Suburbia, City Apartments Aligning on Prices?



Investors are seeing bigger returns from apartments in the suburbs than they have in the past. Prices on apartment properties in the suburbs grew at the same pace over the last five years as those in urban areas, according to new data from MPF Research.

“Returns from property appreciation over the past five years were virtually tied between suburbs and downtown areas,” according to MPF’s analysis over the top 50 U.S. apartment markets.

Usually, apartment properties in urban downtowns tend to provide the highest returns from appreciation. However, over the last five years, that has changed. Suburban apartments have caught up as rents quickly rise, the National Real Estate Investor reports.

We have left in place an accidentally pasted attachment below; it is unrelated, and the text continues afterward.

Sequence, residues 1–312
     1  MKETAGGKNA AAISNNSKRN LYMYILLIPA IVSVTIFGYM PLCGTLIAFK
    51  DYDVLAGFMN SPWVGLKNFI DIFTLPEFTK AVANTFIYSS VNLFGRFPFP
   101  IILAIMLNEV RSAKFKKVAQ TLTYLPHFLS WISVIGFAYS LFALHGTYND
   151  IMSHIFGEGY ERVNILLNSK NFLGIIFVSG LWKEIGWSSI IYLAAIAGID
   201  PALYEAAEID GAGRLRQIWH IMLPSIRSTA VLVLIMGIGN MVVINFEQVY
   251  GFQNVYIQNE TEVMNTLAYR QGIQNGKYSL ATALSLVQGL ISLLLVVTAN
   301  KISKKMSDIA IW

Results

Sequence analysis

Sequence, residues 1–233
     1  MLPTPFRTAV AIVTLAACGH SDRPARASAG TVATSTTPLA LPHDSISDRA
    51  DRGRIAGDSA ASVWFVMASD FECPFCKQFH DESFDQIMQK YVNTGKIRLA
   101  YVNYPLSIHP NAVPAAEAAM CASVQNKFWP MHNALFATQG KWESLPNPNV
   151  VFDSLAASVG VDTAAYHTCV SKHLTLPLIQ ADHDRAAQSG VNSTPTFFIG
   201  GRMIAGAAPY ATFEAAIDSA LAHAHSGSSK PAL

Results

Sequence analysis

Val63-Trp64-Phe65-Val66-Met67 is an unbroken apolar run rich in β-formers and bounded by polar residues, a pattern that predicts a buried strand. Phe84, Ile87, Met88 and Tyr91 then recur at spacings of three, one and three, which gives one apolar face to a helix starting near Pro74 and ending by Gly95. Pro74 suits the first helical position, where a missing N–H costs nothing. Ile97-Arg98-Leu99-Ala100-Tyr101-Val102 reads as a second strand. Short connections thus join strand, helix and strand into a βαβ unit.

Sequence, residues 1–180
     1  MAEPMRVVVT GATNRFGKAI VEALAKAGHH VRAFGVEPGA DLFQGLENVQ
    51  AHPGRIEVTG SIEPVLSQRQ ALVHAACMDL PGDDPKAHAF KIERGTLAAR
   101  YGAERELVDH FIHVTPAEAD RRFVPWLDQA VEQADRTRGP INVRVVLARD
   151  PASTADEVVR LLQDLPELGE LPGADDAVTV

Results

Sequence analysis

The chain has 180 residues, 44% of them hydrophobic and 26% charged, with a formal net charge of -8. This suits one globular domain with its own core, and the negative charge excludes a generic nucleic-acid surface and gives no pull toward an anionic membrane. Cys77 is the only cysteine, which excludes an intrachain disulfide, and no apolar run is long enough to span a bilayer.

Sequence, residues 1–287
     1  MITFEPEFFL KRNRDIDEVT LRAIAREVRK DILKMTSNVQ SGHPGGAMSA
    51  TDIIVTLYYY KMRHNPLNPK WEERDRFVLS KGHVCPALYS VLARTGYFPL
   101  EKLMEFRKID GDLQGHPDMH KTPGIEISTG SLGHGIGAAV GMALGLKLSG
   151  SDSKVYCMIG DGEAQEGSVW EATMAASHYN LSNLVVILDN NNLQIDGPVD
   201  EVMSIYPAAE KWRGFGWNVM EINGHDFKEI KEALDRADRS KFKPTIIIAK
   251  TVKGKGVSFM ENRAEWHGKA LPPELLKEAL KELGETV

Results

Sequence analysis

For both, the return on investment from price appreciation averaged 7.3 percent over the last five years, according to NCREIF data. In the suburbs, however – where rents and jobs are growing — the average return was near 8 percent

“Apartment buildings downtown now often have to compete with the many newly opened high-rises,” reports the National Real Estate Investor. Rents rose less than 2 percent for apartments in downtown districts in the 12 months that ended in the second quarter. Meanwhile, in prime suburban and suburban markets, rents were double that, growing by 4 percent over that period.

“Urban areas have enormous volatility in rent movement—and got hit the hardest in the last recession,” Jay Parson, vice president for MPF, told the National Real Estate Investor. “Top tier suburbs got hit less in the recession, and perform just as well, if not better, in good times.”

Investors may be rethinking their strategies. “There is a disconnect between where investors see the most value—urban areas—and where investors are actually generating the most income—top-tier suburbs,” Parsons says. “It will be interesting to see how long that dichotomy can persist… are investors chronically undervaluing top-tier suburbs?”

Source: NAR – Real Estate News
Suburbia, City Apartments Aligning on Prices?